NorwayOla og Kari Nordmann (Ola and Kari Norwegian), Den hvite skattebetaler (The white taxpayer)
PakistanFalana (male), Falani (female). Derived from the Persian equivalents.
PanamaJuan Pérez, Fulano de Tal, Sultano, Mengano
ParaguayJuan Pérez, Fulano de Tal, Sultano, Mengano, N.N.
PeruJuan Pérez, Fulano de Tal, Zutano, Mengano
PhilippinesJuan dela Cruz
PolandJan Kowalski, Jan Nowak
PortugalManuel dos Santos, Zé Ninguém, o Outro (the other one), Fulano, Sicrano, Fulano de tal, Zé Povinho, Zé da Esquina
Puerto RicoFulano de Tal, Juan Perez, or Juan del Pueblo
RomaniaEscu, Gheorghe, Necunoscut, Xulescu, Cutare Cutărică
RussiaИванов (Ivanov), Петров (Petrov), Сидоров (Sidorov), Вася Пупкин (Vasya Pupkin), Маша Пупкина (Masha Pupkina), Петя Иванов (Petya Ivanov)
Serbia, MontenegroPetar Petrović, Pera Perić, Marko Marković, Janko Janković
SingaporeTan Ah Kao and Tan Ah Beng
SlovakiaJožko Mrkvička
SloveniaJanez Novak, Janez Pouprečnik
South AfricaKoos van der Merwe, Piet Pompies
Spainmale: Fulano (de Tal), Fulanito (de Tal), Pepe Pérez, Mengano, Menganito, Perico de los Palotes, Menganito de Cual, Zutano, Zutanito, Sultano, Sultanito, Don Nadie, Juan Nadie, Perengano. Female: Fulanita (de Tal), Mengana, Menganita (de Tal)
SwedenKalle Svensson, Medelsvensson, Svensson, Erik Johansson, Mannen på gatan ("the man on the street"), Gemene man ("average man"), Nisse i Hökarängen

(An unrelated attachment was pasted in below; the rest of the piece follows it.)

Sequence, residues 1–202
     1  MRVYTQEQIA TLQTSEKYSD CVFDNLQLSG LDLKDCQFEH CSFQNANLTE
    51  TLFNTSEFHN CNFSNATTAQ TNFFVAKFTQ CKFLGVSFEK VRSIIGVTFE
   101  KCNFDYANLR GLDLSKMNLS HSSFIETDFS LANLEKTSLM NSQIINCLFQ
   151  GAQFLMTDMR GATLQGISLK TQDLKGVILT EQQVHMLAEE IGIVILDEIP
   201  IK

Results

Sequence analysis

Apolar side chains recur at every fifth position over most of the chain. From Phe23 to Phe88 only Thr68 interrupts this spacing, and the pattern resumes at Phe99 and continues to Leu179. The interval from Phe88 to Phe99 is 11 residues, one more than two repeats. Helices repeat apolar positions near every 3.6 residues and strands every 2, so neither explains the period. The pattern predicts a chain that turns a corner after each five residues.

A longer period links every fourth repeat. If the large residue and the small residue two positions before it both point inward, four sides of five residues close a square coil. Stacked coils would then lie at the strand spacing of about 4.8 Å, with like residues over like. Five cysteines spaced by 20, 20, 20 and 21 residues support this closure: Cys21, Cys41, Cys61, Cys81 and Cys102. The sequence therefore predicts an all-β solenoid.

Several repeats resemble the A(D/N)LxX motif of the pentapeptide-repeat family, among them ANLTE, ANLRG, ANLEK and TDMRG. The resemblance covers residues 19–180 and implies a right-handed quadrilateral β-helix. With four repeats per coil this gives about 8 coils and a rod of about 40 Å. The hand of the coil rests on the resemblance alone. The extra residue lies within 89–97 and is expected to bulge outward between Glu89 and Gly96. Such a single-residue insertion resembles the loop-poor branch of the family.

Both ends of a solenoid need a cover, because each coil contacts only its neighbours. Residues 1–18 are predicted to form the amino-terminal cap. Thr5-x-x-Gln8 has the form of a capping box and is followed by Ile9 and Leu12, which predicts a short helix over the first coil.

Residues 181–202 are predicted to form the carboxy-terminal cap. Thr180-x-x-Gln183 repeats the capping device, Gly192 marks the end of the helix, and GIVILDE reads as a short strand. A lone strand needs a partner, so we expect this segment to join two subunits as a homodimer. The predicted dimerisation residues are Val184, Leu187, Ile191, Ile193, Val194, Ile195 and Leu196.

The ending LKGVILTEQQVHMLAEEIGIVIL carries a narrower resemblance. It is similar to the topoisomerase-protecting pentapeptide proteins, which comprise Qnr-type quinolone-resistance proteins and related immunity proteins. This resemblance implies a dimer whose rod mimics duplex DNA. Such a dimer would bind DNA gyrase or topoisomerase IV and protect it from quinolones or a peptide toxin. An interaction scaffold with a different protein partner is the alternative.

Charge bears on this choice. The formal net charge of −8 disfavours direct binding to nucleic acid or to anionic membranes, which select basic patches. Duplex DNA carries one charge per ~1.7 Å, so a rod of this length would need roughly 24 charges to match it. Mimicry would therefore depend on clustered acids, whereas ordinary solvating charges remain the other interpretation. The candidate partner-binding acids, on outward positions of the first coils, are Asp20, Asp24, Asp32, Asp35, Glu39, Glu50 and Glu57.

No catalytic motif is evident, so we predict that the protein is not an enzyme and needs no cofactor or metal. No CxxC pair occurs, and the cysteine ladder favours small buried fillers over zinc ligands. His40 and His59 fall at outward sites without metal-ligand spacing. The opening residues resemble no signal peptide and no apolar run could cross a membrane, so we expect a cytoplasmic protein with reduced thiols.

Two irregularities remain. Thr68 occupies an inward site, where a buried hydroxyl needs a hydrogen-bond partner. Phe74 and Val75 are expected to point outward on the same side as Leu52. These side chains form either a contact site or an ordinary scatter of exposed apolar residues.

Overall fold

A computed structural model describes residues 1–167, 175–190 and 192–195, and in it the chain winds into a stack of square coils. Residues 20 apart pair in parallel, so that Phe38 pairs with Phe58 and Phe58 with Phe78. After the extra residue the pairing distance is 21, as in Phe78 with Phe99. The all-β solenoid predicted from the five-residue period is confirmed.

SwitzerlandHerr und Frau Schweizer (Mr and Mrs Swiss), Hans Meier, Hans Mustermann, Max Muster
Taiwan張三 (Chang number three); 李四 (Lee number four); 王五 (Wang number five)
ThailandSomchai, Sommai, (common names of either gender) Nai-Gor (นาย equivalent to Mr. A)
TurkeySade Vatandaş; Ahmet/Mehmet, Ali/Veli, Hasan/Hüseyin (male); Ayşe/Fatma (female); Falan (kişi) / Filan (kişi, "somebody"; also female: Filane); Sari Cizmeli Mehmet Aga
UruguayFulano, Mengano; Juan Perez
VenezuelaFulano, Fulano de Tal, Sutano, Mengano, Perencejo, Pedro Perez, Juan de los Palotes, Juan Bimba
VietnamNguoi La, Người dấu tên

See also[edit]


  1. ^ "McCain, Obama go head to head in last debate -". CNN. October 15, 2008. Retrieved May 7, 2010. 
  2. ^ "Vaughn Shoemaker; Created John Q. Public". The New York Times. August 22, 1991. Retrieved May 7, 2010. 
  3. ^ Longtime cartoonist Jim Lange dies, The Oklahoman, April 18, 2009.
  4. ^ Goodbye, Jim: Our hats are off for 58-year cartoonist, The Oklahoman, April 19, 2009.
  5. ^ Mr. Voter Tapped by Senate as State’s Official Editorial Cartoon, Oklahoma State Senate News, March 9, 2006 (retrieved May 25, 2009).
  6. ^ ODS, 'Sørensen' (1), ODS accessed Oct. 20, 2012
  7. ^ ODS, 'manden'